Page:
Every year the U.S. Military wounds and kills hundreds of thousands of animals — exhausting taxpayer dollars to amputate goats' legs, bomb pigs, and inject monkeys with
toxins to mimic nerve gas strikes...
I am concerned about the U.S. military's continued use of animal experiments. Chemical, biological and conventional warfare studies that rely upon animal models are outdated and excessively cruel. Yet every year the Department of Defense wounds and kills hundreds of thousands of primates, dogs, pigs, goats, sheep, rabbits, cats, and other animals.
In particular, animal tests to prepare combat medics for battlefield injuries waste time and money that could be spent on training within civilian trauma centers or simulator exercises. Instead, the military exhausts taxpayer dollars to amputate goats' legs, gun down and bomb pigs, and inject monkeys with toxins to mimic nerve gas strikes.
More than 90% of U.S. and Canadian teaching facilities use simulators only for Advanced Trauma and Life Support (ATLS) courses. Students learn emergency care equally, if not better, with human-focused applications. The American College of Surgeons endorses Simulab's TraumaMan, SimMan, human cadavers and other synthetic models.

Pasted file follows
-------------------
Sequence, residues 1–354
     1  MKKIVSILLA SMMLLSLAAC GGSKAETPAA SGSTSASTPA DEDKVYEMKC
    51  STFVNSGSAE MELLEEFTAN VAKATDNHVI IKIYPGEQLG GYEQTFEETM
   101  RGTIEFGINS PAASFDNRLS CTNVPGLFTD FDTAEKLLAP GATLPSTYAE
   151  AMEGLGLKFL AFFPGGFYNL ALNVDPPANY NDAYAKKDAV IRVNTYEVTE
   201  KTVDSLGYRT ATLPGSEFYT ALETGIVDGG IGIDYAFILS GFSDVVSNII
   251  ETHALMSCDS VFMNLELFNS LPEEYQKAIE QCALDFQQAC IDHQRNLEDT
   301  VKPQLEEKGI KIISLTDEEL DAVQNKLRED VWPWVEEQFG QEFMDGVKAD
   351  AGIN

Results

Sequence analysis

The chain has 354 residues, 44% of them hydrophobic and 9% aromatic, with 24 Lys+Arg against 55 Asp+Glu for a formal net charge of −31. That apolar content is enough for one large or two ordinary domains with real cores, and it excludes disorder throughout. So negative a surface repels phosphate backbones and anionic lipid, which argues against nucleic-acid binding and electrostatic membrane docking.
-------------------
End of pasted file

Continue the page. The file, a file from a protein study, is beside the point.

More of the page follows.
I strongly urge my elected officials, the DoD, and all medical/heath Army personnel to advocate animal-free instruction. I especially urge my Senators and Rep to ask Dr. S. Ward Casscells, Assistant Secretary of Defense for Health Affairs, to modernize military medical practices. Replacing old-fashioned animal tests with more efficient and human-centric teaching tools benefits both animals and humans.
Dogs, pigs and other species are not people. Soldiers who learn about combat trauma and casualty management via non-human subjects deal with inconsistent variables. Incision pressure differs between species. Shape, angle, and texture of internal organs are also vastly incongruous. Why teach skills that don't apply directly to human beings?
Please prioritize animal-free medical training in the military.
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